For those who backed the game initially, the wait will have been worth it. Judging by the end credits, there was plenty of backers who clearly backed the right horse. The praise will come thick and fast in this write-up, but I lack the talent to do it justice. Let’s just say it’s a GOTY contender.
I’ve already overthought the contents of this Omno review, considering what to cover to encourage you to seek it out, but as an indie title, it might not get the fanfare it deserves. If you’re reading this as you enjoyed the demo or it has piqued your interest, get it – it’s wonderful. For everyone else, some words…
You play a nameless staff bearer on their journey through the remnants of a lost civilisation, spanning some truly gorgeous biomes – from deserts to snow-capped mountains to an adventure in the sky. While some mysterious structures remain, activated by light, these vibrant locales have an abundance of prevalent wildlife. Most are cautious of an outsider, but as you progress, some will be a little forthcoming in approaching you, even following you like ice dolphins. That last bit will make sense when you play it.
For each new species encountered, a new entry will appear in your journal. There’s no Steam achievement for locating them all, but much like the whole ethos of the game, exploration is key, and this isn’t a game of achievement hunting, but the experience. Omno isn’t a challenging game in the slightest, and the Steam label of ‘casual’ is accurate, but take that as a very positive one. This isn’t about pushing you to your limits, but perhaps taking you away from whatever life you lead to something more tranquil. If you’re already living that life, good for you!
At the start of every new area, you’ll discover some ancient text, glyphs, which give an account of the staff bearers before. There’s a good deal of lore in the game, but there’s not a single moment where you’re bombarded or overwhelmed with remembering anything. It’s not necessary for progress but certainly is for the adventure. Scattered are optional items to collect that reveal more about the past, but the main objective is to collect these light orbs that light your path to the next area.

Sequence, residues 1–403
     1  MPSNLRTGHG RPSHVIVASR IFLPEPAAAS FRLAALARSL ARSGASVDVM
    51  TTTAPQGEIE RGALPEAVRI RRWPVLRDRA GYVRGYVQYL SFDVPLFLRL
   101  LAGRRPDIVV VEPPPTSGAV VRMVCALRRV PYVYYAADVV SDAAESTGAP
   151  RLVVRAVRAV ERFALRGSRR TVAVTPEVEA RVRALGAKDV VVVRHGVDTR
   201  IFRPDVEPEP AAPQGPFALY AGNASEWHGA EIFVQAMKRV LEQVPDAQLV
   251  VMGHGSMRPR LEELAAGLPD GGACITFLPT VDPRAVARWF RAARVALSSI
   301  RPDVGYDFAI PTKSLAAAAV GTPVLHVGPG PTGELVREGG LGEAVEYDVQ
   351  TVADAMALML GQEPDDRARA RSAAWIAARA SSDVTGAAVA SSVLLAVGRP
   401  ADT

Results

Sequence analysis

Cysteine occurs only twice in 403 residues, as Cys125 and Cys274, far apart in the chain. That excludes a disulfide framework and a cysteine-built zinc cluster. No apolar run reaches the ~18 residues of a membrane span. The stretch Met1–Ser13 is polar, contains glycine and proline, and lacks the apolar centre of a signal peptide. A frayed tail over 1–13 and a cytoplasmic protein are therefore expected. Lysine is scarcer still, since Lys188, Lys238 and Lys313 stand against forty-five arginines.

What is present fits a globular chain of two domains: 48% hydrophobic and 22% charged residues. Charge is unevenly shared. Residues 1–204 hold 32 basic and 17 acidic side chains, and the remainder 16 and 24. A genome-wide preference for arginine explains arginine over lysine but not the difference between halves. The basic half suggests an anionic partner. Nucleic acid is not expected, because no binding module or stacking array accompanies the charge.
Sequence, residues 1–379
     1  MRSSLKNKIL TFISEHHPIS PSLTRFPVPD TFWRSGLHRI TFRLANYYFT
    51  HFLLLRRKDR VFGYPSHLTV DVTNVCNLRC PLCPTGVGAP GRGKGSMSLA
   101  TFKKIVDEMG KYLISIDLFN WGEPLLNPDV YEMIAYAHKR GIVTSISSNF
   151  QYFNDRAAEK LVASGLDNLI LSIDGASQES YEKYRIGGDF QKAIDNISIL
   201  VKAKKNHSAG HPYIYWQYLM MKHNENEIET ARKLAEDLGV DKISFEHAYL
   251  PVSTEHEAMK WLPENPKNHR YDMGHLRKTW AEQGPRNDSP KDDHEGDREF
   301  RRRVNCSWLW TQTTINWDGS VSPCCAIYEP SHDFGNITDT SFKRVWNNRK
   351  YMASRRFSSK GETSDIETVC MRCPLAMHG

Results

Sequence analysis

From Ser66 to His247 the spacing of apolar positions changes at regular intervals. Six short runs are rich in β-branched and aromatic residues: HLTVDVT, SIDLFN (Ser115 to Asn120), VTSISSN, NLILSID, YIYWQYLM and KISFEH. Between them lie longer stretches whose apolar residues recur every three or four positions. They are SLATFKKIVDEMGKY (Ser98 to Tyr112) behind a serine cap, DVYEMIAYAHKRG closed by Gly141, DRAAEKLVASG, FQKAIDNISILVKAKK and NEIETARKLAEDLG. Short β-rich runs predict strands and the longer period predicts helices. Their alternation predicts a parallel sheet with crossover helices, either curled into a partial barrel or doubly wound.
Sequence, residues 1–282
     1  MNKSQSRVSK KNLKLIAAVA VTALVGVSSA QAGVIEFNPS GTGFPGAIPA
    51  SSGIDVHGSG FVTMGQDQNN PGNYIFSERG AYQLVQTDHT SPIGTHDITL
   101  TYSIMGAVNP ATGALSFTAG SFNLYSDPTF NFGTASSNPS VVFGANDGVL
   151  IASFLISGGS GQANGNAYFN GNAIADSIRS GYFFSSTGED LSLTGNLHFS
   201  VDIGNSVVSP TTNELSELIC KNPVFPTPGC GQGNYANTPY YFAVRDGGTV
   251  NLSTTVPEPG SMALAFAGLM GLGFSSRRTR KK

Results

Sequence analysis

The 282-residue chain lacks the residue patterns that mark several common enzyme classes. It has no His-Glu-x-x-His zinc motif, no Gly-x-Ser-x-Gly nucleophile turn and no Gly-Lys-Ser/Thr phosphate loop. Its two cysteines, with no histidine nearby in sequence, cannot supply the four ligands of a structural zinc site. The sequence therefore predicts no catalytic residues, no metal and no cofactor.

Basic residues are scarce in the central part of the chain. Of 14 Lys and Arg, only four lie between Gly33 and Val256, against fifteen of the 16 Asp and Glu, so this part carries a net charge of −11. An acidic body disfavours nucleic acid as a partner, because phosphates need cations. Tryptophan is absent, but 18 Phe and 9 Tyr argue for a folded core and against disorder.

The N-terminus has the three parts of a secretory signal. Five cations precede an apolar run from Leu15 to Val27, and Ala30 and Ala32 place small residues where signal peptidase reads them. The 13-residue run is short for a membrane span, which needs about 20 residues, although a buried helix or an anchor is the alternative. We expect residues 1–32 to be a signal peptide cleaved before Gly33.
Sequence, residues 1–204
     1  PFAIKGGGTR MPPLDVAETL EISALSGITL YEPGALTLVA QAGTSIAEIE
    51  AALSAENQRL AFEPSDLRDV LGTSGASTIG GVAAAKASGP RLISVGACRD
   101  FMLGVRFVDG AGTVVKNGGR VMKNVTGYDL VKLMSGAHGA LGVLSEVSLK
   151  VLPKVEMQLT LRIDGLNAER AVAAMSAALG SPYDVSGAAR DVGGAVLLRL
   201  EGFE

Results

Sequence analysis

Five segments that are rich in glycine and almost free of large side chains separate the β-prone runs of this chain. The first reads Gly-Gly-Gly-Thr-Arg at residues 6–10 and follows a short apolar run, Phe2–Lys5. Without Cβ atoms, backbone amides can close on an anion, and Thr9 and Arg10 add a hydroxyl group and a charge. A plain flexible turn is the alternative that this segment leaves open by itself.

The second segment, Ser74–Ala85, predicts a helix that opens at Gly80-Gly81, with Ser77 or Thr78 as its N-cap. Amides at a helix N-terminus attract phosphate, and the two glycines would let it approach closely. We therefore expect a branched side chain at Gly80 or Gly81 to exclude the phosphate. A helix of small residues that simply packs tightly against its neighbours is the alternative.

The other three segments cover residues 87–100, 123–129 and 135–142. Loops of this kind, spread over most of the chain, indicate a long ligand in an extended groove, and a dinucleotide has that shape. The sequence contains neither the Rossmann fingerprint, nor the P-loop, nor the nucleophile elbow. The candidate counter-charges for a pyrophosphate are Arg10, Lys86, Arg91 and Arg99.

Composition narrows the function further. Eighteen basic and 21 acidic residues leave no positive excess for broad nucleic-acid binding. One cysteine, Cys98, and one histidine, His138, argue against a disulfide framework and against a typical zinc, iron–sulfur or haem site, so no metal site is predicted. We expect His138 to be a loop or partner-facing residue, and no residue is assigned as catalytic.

Once again, it’s not essential to collect all of the orbs, but just enough to unlock the gateway forward – usually a puzzle in itself. In the six hours it took me to finish Omno, I’d managed to collect all the achievements except one – riding on the second legendary beast. If you know how to do this, please drop me a line for completionist sake. Make note that I promptly started a new game after its conclusion, not solely to locate this missing achievement but because of how the game made me feel. It’s so beautiful. Oh, I’m not saying I’m beautiful, in case that isn’t clear.
There will be a spot to meditate, like ABZU, which will light up your map, indicating where the orbs are. I played 80% of the game on the keyboard – the respective key, ‘R’, will cast your staff in the air, illuminating the way with a radial map. While it doesn’t show where the glyphs are, it helps locate all the orbs if you’re trying to 100% the area. There isn’t a stationary HUD detailing where to go – you’re free to do as you will. Besides, there’s no need for a HUD as your skills are infinite, and there are no health gauges.
Sure, you can ‘die’. All this means is you respawn at a checkpoint, but there are no enemies in the game. Even the environmental hazards are an ‘occupational’ one as there will be plenty of platforming sections where you might fall to infinity below. Except for one Zelda guardian-like unit, there’s nothing to stop you from continuing other than your problem solving, interest, or if you’re being told to get off the computer as you’ve ‘been on it all day’. They just don’t understand, do they?
The skills in Omno unlock through area progression. There aren’t any XP points or skill trees; they’re just a fundamental part of the gameplay. Skip the rest of this paragraph to avoid mention of the skills if you deem it a spoiler. You’ll be able to dash, teleport one side to the other, surf, and float. Again, they’re all part of the game and unlock when you need them.
One thing to note with the controls is the standard action button is mapped with one of the skills. This means that you can be standing on one side of the map, interact with something and inadvertently appear on the other side. If you can’t get back in the same manner you arrived, it can be a little frustrating to have to walk back. I read on the Steam Community that a few users wanted a run option. This isn’t necessary – it’s not a speedrunning game, and having to walk back is only frustrating through being lazy.
And that’s another critical point about Omno: you’re a tourist in these lands. This isn’t about booking a holiday abroad to sit at a pool for the duration – you need to see the culture, interact and try new things. That’s what this is about: engaging with the gorgeous (and adorable) wildlife, sourcing light from the vegetation and gawping at the enchanting world that one developer has created.
Omno features some of the most awe-inspiring locations – it’s almost like a concept game, yet so playable. This isn’t about ray-tracing and other nerdy terms I don’t pretend to understand, but a title that captures your imagination, and dare I say, heart, as you dive deep into a utopia unspoilt by the modern traits we’re accustomed to. If you’re looking to get away this Summer, Omno is the retreat worth heading to, in the comfort of your own home, without having to wear a mask.